Rob Conner, head XC coach for the University of Portland, reveals how his Pilots earn their stripes on flexibility missions.
Purchase bananas and spinach at the supermarket. Huh? Hydration creates muscle elasticity for long jaunts in the bushes. Drink water, but if you’re allergic to hydrogen, try a “green smoothie,” which consists of spinach, bananas, ice cubes and water. Fruits and fibers may prompt an impromptu bathroom break along the trail, but they also absorb water and provide a delayed response to keep your body loose and hydrated for runs. Drink a 25-ounce “green smoothie”—or plain, boring water—10 to 15 minutes prior to running.
Become a muscle whisperer. “Talk” to your muscles and prepare them for upcoming activity. When the mind and body understand the large athletic task at hand, the body’s natural response will take care of itself. Injuries occur when a relaxed muscle is suddenly thrust into full-blast activity. To prevent this, perform light, exaggerated high knees, strides and lunges for five minutes before hitting the trail.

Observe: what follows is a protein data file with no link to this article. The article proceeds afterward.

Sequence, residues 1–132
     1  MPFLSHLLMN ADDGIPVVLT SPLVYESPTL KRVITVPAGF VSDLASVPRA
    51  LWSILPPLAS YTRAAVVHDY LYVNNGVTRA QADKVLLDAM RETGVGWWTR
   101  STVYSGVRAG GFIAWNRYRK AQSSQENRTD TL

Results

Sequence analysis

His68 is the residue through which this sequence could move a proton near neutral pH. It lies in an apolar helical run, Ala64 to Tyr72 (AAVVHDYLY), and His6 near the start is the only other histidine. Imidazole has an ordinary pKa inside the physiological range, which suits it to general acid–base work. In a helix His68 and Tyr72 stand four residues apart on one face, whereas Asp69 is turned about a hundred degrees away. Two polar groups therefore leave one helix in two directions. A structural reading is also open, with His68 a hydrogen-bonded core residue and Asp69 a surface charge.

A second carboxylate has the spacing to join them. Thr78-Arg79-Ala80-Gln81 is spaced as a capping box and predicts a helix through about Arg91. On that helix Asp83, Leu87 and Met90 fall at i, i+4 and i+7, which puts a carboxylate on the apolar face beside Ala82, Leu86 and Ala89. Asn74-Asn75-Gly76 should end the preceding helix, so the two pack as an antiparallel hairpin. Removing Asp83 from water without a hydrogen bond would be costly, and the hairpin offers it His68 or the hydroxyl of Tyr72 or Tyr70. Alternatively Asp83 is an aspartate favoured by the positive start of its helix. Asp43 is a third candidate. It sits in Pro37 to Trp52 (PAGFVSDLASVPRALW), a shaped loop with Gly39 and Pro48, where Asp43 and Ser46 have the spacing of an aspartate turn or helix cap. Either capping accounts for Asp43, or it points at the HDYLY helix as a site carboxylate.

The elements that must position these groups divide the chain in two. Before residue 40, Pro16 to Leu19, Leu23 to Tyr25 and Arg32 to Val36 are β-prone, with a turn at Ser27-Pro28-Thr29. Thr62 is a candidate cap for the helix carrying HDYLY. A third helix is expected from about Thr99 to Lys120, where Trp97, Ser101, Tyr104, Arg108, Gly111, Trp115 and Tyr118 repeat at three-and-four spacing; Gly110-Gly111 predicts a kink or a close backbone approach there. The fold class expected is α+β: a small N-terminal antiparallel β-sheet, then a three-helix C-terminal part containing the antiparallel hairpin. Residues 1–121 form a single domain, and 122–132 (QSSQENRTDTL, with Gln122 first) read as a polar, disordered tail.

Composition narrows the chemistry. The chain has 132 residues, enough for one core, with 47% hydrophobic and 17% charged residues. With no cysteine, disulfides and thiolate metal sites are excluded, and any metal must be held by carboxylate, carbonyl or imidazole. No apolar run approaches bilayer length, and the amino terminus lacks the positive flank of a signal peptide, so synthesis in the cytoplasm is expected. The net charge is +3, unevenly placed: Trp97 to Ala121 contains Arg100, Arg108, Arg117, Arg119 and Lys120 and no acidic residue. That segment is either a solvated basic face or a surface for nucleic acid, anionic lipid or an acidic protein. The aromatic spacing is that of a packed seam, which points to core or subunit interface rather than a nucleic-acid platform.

It’s just a foot massage. The arch of the foot is the muscle most overlooked by runners while stretching. Build strength in your trail taxis by sitting down, wrapping a towel under the foot and pulling back.
Post-run. Perform static stretches, but if you overstretch quad, hamstring and calf muscles to the point of pain, the internal flexibility services may perform an audit on your workout. Combine static stretches with a light 15- to 20-minute barefoot jog in the grass to strengthen and lengthen muscles.
Below the belt. Employment with long-distance crews does not require previous experience in Mr. Universe contests. The more muscles a runner develops, the more opportunity for pulls and tears. Stay elastic in the lower body, and don’t stress out about upperbody development or flexibility.